Authors | Editors: R. Spalding & S. Canna (NSI, Inc).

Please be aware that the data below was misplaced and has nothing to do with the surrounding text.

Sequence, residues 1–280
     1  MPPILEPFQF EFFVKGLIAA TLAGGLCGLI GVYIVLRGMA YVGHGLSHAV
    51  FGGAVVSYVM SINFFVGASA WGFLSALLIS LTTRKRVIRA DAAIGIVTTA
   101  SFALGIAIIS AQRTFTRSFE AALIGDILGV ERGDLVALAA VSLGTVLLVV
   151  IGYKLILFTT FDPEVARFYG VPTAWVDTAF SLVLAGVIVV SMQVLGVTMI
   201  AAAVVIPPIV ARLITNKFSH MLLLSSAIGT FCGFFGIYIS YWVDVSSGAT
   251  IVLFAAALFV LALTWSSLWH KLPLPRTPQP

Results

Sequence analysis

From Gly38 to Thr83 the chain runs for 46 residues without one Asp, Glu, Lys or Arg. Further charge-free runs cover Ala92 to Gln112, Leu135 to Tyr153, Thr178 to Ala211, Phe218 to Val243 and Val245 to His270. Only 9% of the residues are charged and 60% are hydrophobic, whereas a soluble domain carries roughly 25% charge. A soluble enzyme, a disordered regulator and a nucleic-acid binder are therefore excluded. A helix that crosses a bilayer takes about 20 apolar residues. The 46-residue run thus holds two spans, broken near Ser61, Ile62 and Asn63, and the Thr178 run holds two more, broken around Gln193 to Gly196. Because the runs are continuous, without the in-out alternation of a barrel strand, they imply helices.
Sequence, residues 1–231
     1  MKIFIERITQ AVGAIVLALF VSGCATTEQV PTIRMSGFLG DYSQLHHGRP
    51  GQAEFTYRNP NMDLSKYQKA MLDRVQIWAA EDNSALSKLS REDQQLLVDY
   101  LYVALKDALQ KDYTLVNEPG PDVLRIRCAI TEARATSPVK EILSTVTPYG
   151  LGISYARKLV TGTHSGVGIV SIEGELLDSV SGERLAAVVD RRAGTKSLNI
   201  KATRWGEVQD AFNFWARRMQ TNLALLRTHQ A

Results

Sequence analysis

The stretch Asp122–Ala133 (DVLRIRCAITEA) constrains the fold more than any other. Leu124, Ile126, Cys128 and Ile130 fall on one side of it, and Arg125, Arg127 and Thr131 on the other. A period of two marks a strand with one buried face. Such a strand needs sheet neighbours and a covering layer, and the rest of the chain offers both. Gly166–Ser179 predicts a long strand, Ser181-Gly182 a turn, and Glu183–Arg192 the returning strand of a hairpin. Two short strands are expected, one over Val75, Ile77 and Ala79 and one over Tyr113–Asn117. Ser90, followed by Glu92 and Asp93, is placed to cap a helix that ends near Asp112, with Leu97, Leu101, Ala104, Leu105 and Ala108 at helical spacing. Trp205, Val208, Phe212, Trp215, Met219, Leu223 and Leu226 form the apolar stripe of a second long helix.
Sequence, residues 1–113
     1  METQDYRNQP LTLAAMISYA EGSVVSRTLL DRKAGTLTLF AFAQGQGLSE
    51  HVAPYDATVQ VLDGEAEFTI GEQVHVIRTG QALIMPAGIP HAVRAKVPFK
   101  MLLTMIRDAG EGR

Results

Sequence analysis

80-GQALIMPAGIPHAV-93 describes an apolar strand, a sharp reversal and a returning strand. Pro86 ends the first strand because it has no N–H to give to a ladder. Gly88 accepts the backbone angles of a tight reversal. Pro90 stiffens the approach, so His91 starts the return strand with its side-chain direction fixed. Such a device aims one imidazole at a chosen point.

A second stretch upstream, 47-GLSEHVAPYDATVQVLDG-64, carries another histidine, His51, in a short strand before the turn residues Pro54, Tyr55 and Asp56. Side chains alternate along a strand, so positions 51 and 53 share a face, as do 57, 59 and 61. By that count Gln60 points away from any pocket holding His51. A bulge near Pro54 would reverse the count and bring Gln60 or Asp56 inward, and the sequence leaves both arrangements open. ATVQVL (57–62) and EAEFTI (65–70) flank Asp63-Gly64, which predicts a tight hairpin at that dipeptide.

This paper seeks to describe the cultural and cognitive dissimilarities in how the United States and China pursue strategic competition. The first difference detailed involves how the two societies look at goals and time, as well as how those two factors lead to very different conceptions of strategy. The paper posits that the United States focuses more on a militaristic national security policy while China focuses more on economics and information. Other factors are described that attempt to explain how societal or cultural differences serve to enhance China’s strategy vis-à-vis the United States. Overall, the paper describes a future where China’s model may be more successful in a globalized world, which creates a magnetism for developing countries as well as the corporate sectors of developed countries. The paper concludes by briefly outlining American strengths and how it might use them to create a more effective strategy.